No, Thank You – From a NICU Nurse

Originally Published May 9, 2015

*Content Warning – Discusses Neonatal Death*



To the parents of the baby who passed away,

As a NICU nurse, I have cared for the family and their beloved baby on the day they have passed away so many times. Too many times, actually. It is a sad fact that I have been to around 10 times more baby funerals than I have adult funerals in my life time. Sometimes a baby has died unexpectedly and without much warning, despite our best efforts to save him. Other times, a baby will pass after a long and tough battle, with the timing planned and prepared for, a battle that one so tiny and precious should never have to fight. No matter how a baby dies, usually afterwards, as their nurse I receive thanks. These thanks come from parents who can barely see me past their own tears, or speak past the lump that has formed in their throat. To these parents, I say, “No, thank YOU!”.

Thank YOU for being so brave and strong. I watched you as you held your baby’s tiny hand, and brushed your fingertips across his soft forehead and told him it was ok for him to go, when all you really wanted to do was to pick him up and run, taking him far, far away from all of the wires and tubes he was connected to. You saw that his fight was gone and that he was tired, and instead of doing what was best for you as his parents, you did what was best for him. People around you are a mess, and you spend most of the visits from your extended family comforting them rather than them comforting you. You are strong, you are brave, you are amazing.

Thank YOU for asking for me. When you were asked what day and time you would like to have your beautiful baby’s life support ceased, you asked what day I was next working. You knew that I needed to be able to say my goodbyes too. You knew that I couldn’t bear to turn up to my next shift and find an empty cot. You knew I couldn’t work in the room next door, feeling helpless and unable to do anything about it. You might have thought that you needed me there, but really, I needed to be there just as much.

Thank YOU for not making me feel guilty for being the person who removes your baby’s life support. I already hate that task, but I try to make it as gentle and peaceful as possible. I try not to leave your side, as I know it is scary for you to watch your baby take his last breaths. I try to make the entire experience as smooth and painless as possible for you all, despite knowing that you are right now experiencing the greatest pain a parent will even know. I know your heart is breaking in two, and you are petrified not only about what is happening, but also for what is to come. I touch your shoulder and hold your hand as if I can by touch alone take away some of your pain..and I do, I take some of it with me, and carry it with me always. It make me a better nurse. I makes me who I am today.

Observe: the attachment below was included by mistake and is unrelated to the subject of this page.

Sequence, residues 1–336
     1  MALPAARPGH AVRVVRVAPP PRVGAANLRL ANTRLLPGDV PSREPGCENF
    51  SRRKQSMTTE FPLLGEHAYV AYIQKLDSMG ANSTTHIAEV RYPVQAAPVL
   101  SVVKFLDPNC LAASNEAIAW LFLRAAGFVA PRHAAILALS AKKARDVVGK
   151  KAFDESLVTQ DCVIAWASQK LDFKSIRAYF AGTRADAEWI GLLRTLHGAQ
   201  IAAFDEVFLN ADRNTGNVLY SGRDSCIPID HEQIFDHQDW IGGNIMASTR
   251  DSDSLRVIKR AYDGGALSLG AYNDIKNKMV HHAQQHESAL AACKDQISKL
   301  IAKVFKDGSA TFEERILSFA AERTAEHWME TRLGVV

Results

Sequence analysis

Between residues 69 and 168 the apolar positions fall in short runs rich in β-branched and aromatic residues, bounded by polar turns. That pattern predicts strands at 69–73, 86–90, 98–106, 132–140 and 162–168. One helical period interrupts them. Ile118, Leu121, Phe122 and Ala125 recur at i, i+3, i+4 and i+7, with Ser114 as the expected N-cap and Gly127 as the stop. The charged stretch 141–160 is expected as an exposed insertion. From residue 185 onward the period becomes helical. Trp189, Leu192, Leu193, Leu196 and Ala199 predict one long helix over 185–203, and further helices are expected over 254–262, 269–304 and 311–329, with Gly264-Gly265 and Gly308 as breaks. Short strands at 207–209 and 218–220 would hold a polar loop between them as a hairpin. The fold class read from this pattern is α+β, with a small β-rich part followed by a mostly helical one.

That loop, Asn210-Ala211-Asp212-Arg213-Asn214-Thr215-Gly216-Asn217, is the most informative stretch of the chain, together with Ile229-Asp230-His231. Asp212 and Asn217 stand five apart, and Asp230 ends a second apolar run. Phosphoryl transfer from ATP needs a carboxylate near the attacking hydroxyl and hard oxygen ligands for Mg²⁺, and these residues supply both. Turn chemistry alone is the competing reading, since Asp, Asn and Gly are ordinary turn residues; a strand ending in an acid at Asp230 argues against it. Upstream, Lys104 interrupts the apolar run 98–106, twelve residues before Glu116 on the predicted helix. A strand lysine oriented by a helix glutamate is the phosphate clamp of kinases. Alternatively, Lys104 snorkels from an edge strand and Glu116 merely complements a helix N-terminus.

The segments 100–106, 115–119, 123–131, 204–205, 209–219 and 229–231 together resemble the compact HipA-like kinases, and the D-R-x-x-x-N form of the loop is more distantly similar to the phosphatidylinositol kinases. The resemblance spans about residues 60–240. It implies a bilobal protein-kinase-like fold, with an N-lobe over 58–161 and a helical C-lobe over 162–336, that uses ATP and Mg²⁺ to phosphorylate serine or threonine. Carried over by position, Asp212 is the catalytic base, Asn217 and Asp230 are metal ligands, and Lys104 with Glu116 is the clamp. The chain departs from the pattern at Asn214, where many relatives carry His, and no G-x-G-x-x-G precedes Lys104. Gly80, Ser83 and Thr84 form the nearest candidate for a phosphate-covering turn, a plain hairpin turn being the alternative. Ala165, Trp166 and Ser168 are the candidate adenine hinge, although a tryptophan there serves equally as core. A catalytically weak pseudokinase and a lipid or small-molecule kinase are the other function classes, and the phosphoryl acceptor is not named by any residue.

Thank YOU for not noticing the silent tear that slips from the corner of my eye as I take your baby from your arms and you reach out to touch him, and kiss his forehead one last time. I am human, and I am moved, I am affected. In some ways, I am feeling blessed and thanking my lucky stars that my own children are tucked up safely at home in bed. On the other hand, I am devastated that something so tragic has happened to a family who least deserve it. Not that anyone deserves to lose a baby, but dammit, it always seems to be the lovely ones who do.

Thank YOU for asking if I am okay. I should be the least of your worries, and I truly am ok. Sadly, this is a tragic part of my job. I would love to be wrapping your baby up in a soft woollen blanket to go home with you, rather than to be passed to you for one last cuddle. I would love to be teaching you how to bath your live, wiggly, healthy baby, rather tour fhan silently bathing your baby on my own in preparation for contacting the funeral home. I would love for first cuddle of your baby to not also be your last.

Thank YOU for making time to say hello when you visit the hospital for other reasons in the weeks following your baby’s passing. I have been thinking about you and how you are coping. I have cared for a dozen sick babies since the day you lost yours, but you are still the ones I think about in moments of quiet reflection. I’ve had to pass on the sad news to other nurses who also cared for your baby when they work their first shift since that day. It is never easy news to hear, no matter if it’s the first time or the fiftieth time.

Thank YOU for mentioning the nurses in your speeches at your baby’s funeral. We don’t expect praise for what we do, we really don’t. Normally, seeing a healthy, happy baby go home with their excited parents is reward enough. When a baby dies, we feel as if we have failed and least deserve praise. Knowing that you think well of the nurses who cared for your baby means the world to us. The fact that we made even a small amount of difference to a journey that has a sad ending, makes it that little bit easier to keep coming back to work in such a tough job day after day.

Thank YOU for returning to visit in the years that follow with news that you have gone on to have a healthy baby brother or sister for your lost little one. Seeing you happy means so very much to me. It gives me hope for all of my bereaved families that they too will go on to find happiness in the future. I mention how your little one must be very lucky to have their big brother watching out for them from above, and I know you are stoked that I have remembered them. Of course I remember, I have been touched by your little one and your family, and a little piece of me will be affected forever.

So, you see, it is not you who should be thanking me, it is I that should be thanking YOU!

With memories and love,

Your NICU nurse.

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